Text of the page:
Canada Wood Today | The Canada Wood Group

Midply Case Study Manual Completed

Hidehiko Fumoto

By Hidehiko Fumoto

Deputy Director and Manager Technical Services, Canada Wood Japan

April 1, 2014

fumoto1As one of the key Canada Wood technical development initiatives, COFI Tokyo has been working on Midply Wall System since 2010.  The Midply Wall System was originally invented in 1998 by Dr. Erol Varoglu of Forintek Corp (now FPInnovations) and Dr. Siegfried Stiemer of UBC.  Following a presentation by Dr. Chun Ni of FPInnovations on Midply to the Japanese housing industries and key wooden structure researches the project began.  Since then, COFI has been conducting several tests on Midply at an MLIT*1-designated laboratory and developing the evaluation results from the tests.  With the collaboration from structural engineering experts at Nihon System Sekkei, analytical studies on Midply structural behaviour have been presented at BRI*2 committee meetings.  As a result of these technical elaborations, the top structural researchers in Japan have now recognized Midply as one of the most effective solutions to accomplish mid-rise and large scale wooden structures.  This past year we initiated a project market called “Case Studies of Mid-Ply in Non-Residential fumoto2Applications” where model plans of a 6-storey condominium and a 3-storey elderly care facility were developed to incorporate Midply design and shear wall performance to encourage the commercial adoption of Midply in Japan.  We developed a 70-page manual and presented at a BRI committee meeting for 2×4 large scale structures on March 28.  The committee agreed to feature the Midply in the future editorial work for revising “Green Book”, known as a Bible for structural design of 2×4 constructions. This technical development work is expected to generate a realistic alternative to CLT in Mid-Rise applications and facilitate the expansion of dimension lumber use in non-residential applications.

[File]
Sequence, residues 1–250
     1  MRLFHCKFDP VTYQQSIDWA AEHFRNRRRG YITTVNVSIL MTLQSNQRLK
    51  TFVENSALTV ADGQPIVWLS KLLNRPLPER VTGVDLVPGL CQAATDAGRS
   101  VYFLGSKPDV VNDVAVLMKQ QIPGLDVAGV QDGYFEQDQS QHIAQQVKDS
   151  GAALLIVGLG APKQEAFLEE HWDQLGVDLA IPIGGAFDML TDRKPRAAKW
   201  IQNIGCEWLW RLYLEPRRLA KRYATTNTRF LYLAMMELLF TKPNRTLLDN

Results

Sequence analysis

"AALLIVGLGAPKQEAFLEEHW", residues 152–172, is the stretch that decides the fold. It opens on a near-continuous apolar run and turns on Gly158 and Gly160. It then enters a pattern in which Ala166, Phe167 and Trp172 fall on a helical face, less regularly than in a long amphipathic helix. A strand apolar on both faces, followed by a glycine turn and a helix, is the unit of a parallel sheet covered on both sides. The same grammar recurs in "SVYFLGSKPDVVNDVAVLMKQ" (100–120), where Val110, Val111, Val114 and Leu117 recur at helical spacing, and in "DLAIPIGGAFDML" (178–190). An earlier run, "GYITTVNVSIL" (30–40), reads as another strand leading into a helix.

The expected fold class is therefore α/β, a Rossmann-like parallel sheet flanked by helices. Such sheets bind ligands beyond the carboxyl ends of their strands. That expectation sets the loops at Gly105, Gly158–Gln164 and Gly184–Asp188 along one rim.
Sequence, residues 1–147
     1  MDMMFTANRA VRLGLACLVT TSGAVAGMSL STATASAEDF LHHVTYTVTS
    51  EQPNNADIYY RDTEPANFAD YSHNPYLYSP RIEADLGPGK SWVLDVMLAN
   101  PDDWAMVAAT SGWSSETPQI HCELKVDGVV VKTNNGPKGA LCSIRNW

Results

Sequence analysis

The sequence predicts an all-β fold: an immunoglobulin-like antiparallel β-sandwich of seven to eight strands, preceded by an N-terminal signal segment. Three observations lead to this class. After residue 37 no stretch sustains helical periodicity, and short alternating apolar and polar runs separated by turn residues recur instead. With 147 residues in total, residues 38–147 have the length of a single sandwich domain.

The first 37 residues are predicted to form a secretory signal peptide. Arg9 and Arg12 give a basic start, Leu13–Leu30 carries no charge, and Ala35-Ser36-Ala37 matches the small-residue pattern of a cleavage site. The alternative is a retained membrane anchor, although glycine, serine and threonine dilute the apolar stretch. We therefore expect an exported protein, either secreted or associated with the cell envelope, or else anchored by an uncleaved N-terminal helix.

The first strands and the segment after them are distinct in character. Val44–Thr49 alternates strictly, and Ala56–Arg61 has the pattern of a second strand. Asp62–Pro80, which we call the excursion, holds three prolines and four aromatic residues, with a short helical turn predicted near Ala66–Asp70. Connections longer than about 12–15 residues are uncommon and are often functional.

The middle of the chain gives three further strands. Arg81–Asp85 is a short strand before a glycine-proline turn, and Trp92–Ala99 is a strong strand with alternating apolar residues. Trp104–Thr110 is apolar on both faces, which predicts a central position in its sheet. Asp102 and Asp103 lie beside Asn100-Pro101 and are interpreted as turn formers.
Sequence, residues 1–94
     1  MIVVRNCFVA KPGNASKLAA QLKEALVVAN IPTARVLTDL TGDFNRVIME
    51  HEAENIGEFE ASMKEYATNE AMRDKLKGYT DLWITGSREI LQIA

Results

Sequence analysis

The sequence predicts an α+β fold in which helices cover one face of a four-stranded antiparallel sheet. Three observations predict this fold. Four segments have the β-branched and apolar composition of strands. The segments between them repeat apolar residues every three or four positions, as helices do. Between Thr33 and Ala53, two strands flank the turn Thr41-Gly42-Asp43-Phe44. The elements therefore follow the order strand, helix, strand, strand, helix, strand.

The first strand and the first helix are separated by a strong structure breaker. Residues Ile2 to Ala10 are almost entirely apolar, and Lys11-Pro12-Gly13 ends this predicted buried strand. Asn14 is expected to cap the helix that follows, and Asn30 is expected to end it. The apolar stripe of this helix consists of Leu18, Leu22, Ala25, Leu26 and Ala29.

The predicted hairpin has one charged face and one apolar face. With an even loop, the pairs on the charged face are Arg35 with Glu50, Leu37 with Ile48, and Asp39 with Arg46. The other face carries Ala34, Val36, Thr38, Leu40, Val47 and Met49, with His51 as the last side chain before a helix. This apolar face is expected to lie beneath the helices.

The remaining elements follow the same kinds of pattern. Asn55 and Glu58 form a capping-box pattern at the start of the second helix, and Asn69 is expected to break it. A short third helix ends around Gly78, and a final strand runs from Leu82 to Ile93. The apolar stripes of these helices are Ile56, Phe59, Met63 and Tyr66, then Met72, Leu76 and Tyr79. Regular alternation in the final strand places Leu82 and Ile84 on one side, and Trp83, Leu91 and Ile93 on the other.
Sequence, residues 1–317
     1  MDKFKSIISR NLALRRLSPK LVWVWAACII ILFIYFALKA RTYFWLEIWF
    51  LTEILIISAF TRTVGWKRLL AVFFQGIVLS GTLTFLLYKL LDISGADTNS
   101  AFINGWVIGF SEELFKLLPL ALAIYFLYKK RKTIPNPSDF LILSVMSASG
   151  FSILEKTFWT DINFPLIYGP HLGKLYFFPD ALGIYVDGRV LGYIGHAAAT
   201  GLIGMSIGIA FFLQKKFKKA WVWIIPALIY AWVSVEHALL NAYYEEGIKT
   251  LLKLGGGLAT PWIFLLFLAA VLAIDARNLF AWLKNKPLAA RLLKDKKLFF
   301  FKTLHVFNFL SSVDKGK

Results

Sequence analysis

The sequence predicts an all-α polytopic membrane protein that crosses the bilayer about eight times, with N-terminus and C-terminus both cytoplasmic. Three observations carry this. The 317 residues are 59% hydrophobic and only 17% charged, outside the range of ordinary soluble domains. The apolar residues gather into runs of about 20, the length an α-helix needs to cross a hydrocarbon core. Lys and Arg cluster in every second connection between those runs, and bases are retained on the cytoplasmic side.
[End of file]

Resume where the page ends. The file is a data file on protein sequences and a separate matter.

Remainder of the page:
1) Ministry of Land, Infrastructure, Transport and Tourism

2) Building Research Institute